Having saved Alfa Romeo's honour in Magny-Cours, Nicola Larini and his Autodelta team-mates Gabriele Tarquini and Roberto Colciago are looking forward to Pergusa. "Technically speaking, the track should be in our favour," says Tarquini, "However we should not forget that Pergusa is also Giovanardi's favourite track." Tarquini has lost 30 of the 40 kg of ballast he carried in Magny-Cours. "Yes, and this is good news, because with the maximum handicap our car is really at the limit with the brakes. My problem is that I haven't raced in Pergusa since 1993 and I don't know the Schumacher chicane." Tarquini is currently third the in the Championship, one point behind Larini. "Despite the ballast I will be aiming for a double win," Nicola admits. "I have to make up for the disappointment of Magny-Cours. Pergusa has to be our track. If it won't be me, because of the ballast, then it should be Gabriele or Roberto."

The SEAT Sport personnel were delighted when Jordi Gené drove his Toledo Cupra to the sixth final position in Magny-Cours' Race 2, scoring the Spanish Manufacturer's first points in the FIA European Touring Car Championship. "It was a great surprise for all of us," the Catalan driver said. "As a matter of fact a fifth or a sixth place was exactly our goal for this first year in the Championship and we did not expect to reach it so early." SEAT now faces another tough challenge: to race in Pergusa. "We are heading there without great ambitions," Gené admits, "This is probably the worst circuit for us in the whole Championship. We are considering Pergusa more as a racing test, which will enable us to check a few changes and to get more experience in running the car and setting it up."

ART Engineering had a difficult start to their first FIA European Touring Car Championship season, with both the Italian team's Volvo S60 cars being hit by bad luck in the two meetings held so far. The Swedish driver, one of the fastest men in the Championship, had a very disappointing weekend in Magny-Cours, when he retired due to incidents in both races. "It seems my car is the favourite target this first season," he commented. "I'm disappointed, because the team is working hard to develop the car, but all our efforts are useless if I can't race because I'm being pushed off the track all the time !" Last year, Volvo had its worst weekend of the season in Pergusa. "And I think it will be the worst this year as well," Rickard continued. "However, we'll have new engines, not a big step forward but a small improvement, and we'll try something new in the aerodynamics, which should help us to do better than last year." Rydell's team-mate, Sandro Sardelli, has not been much luckier. But, in the past, Sardelli has been very competitive at Pergusa, where he won the 2002 24 Hours of Sicily at the wheel of the BMW M3 he shared with another ETCC driver, Eric Cayrolle; due to this, he could manage a good result in the Independents' trophy.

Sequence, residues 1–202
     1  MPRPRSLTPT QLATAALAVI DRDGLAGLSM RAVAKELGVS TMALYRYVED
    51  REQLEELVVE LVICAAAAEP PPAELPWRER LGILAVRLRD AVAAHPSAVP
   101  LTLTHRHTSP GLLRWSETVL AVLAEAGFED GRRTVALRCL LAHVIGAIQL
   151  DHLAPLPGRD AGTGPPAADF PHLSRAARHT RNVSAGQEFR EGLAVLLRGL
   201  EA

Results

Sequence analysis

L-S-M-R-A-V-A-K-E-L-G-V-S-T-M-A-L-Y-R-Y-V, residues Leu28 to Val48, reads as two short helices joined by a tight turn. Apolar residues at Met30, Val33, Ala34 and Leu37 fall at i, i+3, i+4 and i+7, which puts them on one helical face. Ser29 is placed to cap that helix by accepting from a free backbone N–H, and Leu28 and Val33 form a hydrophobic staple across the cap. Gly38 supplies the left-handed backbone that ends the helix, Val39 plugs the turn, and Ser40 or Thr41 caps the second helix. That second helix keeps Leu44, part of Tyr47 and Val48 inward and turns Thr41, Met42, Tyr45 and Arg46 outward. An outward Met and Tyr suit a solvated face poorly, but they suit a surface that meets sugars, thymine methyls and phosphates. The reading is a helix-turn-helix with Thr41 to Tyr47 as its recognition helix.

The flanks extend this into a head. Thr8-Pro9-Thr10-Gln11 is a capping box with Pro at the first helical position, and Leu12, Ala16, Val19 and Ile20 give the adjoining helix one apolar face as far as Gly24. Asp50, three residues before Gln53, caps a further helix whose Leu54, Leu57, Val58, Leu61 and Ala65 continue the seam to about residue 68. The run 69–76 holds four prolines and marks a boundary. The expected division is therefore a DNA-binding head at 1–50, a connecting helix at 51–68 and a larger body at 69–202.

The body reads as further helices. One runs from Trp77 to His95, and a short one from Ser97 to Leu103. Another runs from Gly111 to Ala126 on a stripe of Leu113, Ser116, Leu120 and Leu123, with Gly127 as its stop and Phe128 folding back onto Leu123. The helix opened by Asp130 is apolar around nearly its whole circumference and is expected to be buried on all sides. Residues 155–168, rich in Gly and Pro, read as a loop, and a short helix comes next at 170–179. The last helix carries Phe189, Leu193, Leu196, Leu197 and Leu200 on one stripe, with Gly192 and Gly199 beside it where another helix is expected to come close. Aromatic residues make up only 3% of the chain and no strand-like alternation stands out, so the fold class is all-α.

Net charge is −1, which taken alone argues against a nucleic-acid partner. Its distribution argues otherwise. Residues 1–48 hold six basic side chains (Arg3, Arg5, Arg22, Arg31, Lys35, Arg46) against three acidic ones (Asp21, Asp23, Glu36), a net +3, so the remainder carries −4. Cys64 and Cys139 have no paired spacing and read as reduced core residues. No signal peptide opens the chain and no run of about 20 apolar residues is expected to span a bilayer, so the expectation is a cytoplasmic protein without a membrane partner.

Carly Motor's Duncan Huisman and Tom Coronel dominated the field of the Independent drivers in Magny-Cours. However, in Pergusa, the two Dutchmen will face strong opposition from a group of young Italians in Alfa Romeo cars. Paolo Ruberti and Fabio Francia have proved to be very competitive in their Clever Cats R&M Team 156 Gta cars. In Magny-Cours, Ruberti finished eighth in the first race, claiming his and the team's first Championship point. His team-mate Francia has also performed very well so far, in his first FIA ETCC season and completed all the first four rounds close to the point positions. Alessandro Balzan is racing in his first ETCC season for Scuderia Bigazzi. After an excellent debut in Barcelona, where he was classified 10th and 12th, Balzan was hit by bad luck in Magny-Cours, when an engine problem prevented him from finishing the first and starting the second race.


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Series General
Drivers Fabrizio Giovanardi , Andy Priaulx , Tom Coronel , Jorg Muller , Jamie Campbell-Walter , Nicolaus Springer , Eric Cayrolle , Duncan Huisman , Alessandro Balzan , Gabriele Tarquini , Jordi Gene , Nicola Larini , Roberto Colciago , Roberto Ravaglia